Rep. Todd Akin (R-Mo.) isn't philosophically opposed to businesses paying men and women the same wages -- he just doesn't want the government to make sure that happens.
In an interview with the Springfield News-Leader editorial board on Monday, the Republican Senate candidate reiterated his opposition to the 2009 Lilly Ledbetter Fair Pay Act, which provides women with more legal channels through which to pursue equal pay for equal work. The legislation's passage was heavily opposed by Republicans.
"I don't have any problem with fair pay at all, I think that's a good idea," Akin said. "I have a healthy skepticism with big government getting in and trying to tell us everything we do in our lives."
Akin argued that Lilly Lebetter would "harm economic output in the country by further injecting government bureaucracy into private enterprises," according to the News-Leader.
At a town hall meeting last month, the congressman said allowing employers to pay whatever they want -- even if it means that men earn more -- is an issue of "freedom."
"I don't think the government should be telling people what you pay and what you don't pay. I think it's about freedom," he said. "If someone wants to hire somebody and they agree on a salary, that's fine, however it wants to work."
Akin made a similar argument to the News-Leader when he said he opposes the federal minimum wage, which is currently set at $7.25 per hour.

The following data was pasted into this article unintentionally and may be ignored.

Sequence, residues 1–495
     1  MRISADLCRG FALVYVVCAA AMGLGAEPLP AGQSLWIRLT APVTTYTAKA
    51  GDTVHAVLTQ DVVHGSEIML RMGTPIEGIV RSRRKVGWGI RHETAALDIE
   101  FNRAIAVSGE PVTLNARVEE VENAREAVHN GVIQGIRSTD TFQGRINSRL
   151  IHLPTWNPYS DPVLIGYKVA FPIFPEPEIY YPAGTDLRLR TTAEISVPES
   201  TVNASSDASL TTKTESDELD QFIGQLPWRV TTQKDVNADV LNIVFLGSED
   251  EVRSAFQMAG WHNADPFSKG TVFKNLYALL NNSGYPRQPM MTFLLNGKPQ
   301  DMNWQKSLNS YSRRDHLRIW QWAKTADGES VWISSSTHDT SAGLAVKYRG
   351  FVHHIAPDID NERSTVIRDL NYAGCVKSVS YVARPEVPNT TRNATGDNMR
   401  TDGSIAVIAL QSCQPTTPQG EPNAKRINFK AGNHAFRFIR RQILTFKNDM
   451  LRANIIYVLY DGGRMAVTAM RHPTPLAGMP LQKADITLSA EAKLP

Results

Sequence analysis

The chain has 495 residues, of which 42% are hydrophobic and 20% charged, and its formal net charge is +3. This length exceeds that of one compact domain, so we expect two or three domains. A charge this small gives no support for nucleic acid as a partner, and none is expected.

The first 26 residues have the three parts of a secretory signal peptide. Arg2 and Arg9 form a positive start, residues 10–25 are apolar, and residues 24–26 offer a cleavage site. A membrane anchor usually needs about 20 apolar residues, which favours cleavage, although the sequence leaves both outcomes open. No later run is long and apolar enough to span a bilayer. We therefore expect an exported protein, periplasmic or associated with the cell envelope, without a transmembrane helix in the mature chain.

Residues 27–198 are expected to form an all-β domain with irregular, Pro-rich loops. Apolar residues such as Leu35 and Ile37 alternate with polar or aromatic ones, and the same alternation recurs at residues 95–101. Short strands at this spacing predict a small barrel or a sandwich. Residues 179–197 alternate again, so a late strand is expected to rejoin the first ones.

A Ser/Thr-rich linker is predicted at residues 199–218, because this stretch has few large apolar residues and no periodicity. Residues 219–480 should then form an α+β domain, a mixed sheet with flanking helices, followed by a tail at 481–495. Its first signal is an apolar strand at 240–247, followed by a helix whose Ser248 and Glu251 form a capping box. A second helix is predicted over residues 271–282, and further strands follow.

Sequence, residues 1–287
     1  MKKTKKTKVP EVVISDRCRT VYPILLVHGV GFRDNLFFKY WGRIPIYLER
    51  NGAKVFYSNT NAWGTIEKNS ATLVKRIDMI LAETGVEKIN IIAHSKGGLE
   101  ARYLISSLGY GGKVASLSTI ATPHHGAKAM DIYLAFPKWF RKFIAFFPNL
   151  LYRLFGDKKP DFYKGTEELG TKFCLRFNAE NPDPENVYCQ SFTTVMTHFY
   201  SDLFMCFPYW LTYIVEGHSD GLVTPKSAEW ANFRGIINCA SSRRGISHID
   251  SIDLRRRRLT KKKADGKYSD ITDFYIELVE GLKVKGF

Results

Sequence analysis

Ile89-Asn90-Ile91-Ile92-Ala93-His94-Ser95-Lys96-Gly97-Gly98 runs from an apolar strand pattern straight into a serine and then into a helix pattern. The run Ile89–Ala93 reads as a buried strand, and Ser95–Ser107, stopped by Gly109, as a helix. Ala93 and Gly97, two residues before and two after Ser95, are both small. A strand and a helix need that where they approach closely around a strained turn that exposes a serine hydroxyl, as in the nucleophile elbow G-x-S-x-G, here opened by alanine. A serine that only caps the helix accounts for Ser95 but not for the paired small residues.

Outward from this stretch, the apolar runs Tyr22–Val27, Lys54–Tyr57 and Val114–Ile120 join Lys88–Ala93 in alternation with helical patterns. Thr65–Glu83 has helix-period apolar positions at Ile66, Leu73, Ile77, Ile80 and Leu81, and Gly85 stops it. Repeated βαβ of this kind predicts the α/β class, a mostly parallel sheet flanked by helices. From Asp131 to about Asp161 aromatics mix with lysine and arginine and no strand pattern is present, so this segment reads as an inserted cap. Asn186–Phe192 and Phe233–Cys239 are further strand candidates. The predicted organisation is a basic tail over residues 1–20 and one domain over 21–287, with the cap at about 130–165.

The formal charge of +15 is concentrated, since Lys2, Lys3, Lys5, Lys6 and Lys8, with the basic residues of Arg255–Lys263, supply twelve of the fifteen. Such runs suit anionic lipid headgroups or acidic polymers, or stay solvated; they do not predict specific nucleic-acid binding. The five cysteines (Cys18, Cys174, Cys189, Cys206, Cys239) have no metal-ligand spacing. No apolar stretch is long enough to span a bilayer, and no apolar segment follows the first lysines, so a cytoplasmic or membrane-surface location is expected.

"I think if you want to talk about how much somebody is paid, that should be a discussion between the employee and the employer," he said. "We call it freedom. And for the government to stick its nose in and tell you how much you should pay somebody, I think it's just wrong. I think it’s taking our freedom away."
During a March debate, when Akin was still competing in the GOP primary, the congressman -- along with the other two candidates -- was unable to name the federal minimum wage.
"My guess is its somewhere in the 6 or 7, but I don't know the exact number right now," replied Akin.
At the time, he said he believed the minimum wage was "just another example of a wrong thing that the government does."
During an interview with KTRS last week, Akin said his opposition to the federal government setting wages is a "big fundamental difference" between himself and his opponent, Sen. Claire McCaskill (D-Mo.).
In a statement on Tuesday, McCaskill spokeswoman Caitlin Legacki said, "Todd Akin's in a hole with Missouri's women voters and he just keeps digging. Discrimination has no place in Missouri and Akin should be held accountable for his extreme views toward women in the workplace."
In August, Akin said he believed women who were victims of "legitimate rape" were physically able to shut down a pregnancy. His comments were condemned by both Republicans and Democrats, and national GOP leaders called on him to step out of the race. But once the withdrawal deadline passed, some Republicans -- such as former House Speaker Newt Gingrich, Sen. Lindsey Graham (R-S.C.) and conservative pastors -- decided to help him out.
McCaskill currently leads Akin in the polls.
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